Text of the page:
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US Sanctions on Russia’s Debt Come into Force
By Staff, Agencies
The ban on purchasing Russia’s sovereign debt by US investors introduced by Washington earlier this year came into force on Monday.
In April, US President Joe Biden signed an executive order authorizing the imposition of yet more restrictions.
The move signaled a further expansion of Washington’s existing sanctions policy on Moscow, which is aimed at cutting off Russia from the global financial markets.
The new restrictions bar American investors from directly acquiring Russian debt liabilities that would be issued by the Central Bank of Russia, the National Wealth Fund, or the Finance Ministry from June 14.
The ban doesn’t currently cover the secondary security market, allowing US investment banks and corporate investors to buy obligations issued by the Russian government via financial intermediaries. Moreover, the latest directive doesn’t force American investors to sell the securities they already own.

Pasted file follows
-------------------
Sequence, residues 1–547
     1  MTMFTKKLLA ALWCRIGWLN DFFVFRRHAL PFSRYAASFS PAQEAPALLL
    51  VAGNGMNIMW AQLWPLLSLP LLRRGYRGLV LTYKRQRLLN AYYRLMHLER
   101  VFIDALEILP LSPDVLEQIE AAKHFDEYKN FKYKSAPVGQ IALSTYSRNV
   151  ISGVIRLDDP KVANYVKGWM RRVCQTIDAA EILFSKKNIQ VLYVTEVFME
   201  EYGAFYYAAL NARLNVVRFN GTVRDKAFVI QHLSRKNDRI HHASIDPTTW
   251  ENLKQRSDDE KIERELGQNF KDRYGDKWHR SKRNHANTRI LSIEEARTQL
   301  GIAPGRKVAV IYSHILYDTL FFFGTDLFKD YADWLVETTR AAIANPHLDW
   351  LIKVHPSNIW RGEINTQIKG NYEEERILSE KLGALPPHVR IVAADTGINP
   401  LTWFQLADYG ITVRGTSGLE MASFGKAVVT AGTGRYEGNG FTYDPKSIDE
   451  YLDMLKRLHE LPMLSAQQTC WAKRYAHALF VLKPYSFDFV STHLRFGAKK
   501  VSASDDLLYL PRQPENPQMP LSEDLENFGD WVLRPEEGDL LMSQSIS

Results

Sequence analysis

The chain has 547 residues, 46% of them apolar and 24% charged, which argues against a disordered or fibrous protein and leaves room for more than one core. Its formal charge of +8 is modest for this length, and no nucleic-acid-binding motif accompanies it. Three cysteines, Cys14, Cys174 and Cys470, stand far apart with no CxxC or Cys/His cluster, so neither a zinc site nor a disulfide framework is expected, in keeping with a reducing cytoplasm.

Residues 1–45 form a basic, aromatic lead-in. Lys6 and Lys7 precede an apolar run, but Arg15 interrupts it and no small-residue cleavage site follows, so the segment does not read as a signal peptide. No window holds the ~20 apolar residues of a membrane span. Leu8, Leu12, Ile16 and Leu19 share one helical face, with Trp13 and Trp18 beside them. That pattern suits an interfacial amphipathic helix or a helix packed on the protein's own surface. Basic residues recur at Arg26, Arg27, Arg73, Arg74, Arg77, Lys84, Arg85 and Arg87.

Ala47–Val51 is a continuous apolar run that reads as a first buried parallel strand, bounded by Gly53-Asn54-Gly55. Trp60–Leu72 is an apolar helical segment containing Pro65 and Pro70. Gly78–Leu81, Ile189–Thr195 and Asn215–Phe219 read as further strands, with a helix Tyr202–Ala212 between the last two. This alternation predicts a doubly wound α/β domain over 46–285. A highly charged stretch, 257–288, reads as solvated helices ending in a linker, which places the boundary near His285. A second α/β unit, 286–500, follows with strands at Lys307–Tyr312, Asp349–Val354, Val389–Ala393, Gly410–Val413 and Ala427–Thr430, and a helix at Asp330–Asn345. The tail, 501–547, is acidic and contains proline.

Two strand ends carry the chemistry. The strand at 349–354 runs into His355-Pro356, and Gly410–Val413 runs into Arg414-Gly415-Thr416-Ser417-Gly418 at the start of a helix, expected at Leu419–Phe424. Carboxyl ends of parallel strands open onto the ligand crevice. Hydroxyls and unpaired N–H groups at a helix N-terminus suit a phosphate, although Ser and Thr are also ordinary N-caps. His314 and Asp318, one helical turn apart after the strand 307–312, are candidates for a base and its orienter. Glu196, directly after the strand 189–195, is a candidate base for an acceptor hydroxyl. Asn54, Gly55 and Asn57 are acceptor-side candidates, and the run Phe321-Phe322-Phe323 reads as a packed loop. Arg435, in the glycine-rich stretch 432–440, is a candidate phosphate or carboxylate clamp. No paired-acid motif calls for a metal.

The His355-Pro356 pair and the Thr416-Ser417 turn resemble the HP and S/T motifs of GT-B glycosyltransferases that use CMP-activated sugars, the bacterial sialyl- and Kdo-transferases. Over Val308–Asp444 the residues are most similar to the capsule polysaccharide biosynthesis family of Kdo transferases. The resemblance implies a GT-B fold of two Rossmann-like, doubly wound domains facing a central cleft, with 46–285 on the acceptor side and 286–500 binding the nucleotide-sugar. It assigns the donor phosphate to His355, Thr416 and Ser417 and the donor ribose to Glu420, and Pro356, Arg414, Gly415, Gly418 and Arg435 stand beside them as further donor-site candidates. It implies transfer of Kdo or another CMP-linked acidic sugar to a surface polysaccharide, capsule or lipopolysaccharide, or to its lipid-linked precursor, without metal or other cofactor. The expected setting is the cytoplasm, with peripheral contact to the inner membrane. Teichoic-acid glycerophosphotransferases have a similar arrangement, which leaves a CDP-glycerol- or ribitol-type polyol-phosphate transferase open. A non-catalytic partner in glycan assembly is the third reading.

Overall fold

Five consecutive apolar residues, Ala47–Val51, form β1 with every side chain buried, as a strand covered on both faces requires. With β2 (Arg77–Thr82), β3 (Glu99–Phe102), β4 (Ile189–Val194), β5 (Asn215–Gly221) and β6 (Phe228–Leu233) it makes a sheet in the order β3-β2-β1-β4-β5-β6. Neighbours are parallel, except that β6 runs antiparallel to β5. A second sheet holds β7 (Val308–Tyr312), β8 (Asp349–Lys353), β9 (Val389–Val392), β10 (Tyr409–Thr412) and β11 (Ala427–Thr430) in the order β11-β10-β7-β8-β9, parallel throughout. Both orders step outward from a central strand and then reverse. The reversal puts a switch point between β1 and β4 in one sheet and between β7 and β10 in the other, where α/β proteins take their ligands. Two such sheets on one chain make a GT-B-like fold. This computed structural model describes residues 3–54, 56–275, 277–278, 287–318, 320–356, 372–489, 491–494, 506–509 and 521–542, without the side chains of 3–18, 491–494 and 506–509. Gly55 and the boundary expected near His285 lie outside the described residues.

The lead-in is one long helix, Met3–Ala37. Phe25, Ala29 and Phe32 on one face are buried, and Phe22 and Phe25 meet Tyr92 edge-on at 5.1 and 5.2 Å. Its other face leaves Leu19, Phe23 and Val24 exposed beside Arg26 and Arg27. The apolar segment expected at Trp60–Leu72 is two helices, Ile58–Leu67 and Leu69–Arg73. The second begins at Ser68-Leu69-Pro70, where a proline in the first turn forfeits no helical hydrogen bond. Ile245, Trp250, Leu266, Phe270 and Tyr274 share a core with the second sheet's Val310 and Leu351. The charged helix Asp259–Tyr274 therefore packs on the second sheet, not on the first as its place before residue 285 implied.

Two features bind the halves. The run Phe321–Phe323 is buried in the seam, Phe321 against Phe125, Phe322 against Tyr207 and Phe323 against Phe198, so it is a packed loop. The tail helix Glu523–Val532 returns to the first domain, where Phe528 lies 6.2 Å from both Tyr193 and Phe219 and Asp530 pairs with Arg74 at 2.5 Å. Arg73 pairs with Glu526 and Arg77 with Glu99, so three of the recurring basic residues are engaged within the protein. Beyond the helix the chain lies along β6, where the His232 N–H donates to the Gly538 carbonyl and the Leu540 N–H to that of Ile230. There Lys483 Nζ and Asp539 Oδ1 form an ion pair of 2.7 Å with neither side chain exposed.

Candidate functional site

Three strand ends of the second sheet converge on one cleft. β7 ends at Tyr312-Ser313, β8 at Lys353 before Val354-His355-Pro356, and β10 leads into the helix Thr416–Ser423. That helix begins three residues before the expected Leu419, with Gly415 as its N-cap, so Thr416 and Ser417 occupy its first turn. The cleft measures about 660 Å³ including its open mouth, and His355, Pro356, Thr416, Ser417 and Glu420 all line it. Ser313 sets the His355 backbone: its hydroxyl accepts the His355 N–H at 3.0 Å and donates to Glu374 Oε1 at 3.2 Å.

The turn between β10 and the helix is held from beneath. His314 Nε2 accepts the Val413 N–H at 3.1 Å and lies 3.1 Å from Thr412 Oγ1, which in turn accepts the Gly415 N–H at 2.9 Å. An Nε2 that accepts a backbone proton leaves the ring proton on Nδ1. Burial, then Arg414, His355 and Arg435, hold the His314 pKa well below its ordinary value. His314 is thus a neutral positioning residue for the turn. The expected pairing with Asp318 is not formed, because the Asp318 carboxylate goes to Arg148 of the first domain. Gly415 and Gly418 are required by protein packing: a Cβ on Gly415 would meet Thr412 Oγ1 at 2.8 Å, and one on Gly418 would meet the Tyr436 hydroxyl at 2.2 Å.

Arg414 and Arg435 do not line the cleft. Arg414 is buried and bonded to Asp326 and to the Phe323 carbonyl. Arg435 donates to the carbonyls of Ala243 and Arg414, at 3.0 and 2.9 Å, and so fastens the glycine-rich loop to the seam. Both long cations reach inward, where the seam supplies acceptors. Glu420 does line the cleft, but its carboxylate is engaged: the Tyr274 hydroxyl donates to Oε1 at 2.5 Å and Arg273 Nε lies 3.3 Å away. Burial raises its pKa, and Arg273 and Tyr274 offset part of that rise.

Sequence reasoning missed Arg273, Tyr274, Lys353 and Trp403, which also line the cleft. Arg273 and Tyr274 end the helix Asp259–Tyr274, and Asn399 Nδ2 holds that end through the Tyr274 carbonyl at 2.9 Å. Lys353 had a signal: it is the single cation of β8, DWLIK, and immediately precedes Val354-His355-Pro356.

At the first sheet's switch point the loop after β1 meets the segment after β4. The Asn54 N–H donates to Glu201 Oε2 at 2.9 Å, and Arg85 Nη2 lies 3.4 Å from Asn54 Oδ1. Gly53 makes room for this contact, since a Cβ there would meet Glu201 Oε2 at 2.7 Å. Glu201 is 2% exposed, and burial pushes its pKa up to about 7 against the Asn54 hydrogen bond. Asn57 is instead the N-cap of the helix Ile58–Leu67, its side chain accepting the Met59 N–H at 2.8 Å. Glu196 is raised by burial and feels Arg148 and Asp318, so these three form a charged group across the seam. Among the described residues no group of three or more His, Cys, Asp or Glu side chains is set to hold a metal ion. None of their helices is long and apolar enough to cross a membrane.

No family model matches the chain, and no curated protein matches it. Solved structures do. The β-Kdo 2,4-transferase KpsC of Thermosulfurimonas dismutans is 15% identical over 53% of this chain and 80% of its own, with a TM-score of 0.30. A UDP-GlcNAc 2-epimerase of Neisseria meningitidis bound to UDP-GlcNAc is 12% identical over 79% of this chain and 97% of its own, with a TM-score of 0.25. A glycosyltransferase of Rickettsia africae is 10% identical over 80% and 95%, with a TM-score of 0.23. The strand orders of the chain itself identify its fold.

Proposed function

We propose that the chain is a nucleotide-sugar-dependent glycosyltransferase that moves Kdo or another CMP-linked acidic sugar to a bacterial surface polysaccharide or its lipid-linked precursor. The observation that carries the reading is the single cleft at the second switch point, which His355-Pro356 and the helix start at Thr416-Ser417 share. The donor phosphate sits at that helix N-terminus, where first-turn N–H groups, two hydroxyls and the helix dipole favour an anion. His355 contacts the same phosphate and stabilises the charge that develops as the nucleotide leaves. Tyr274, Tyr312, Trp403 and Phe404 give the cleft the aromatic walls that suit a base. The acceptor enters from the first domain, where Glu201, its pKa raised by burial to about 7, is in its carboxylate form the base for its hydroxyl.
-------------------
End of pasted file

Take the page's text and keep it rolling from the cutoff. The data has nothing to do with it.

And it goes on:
However, the White House doesn’t reportedly rule out further restrictions that could affect the secondary security market as well.
The earliest float of bond issue the US investors will be barred from is scheduled on June 16, as the Russian Finance Ministry traditionally carries out the procedure on Wednesdays.
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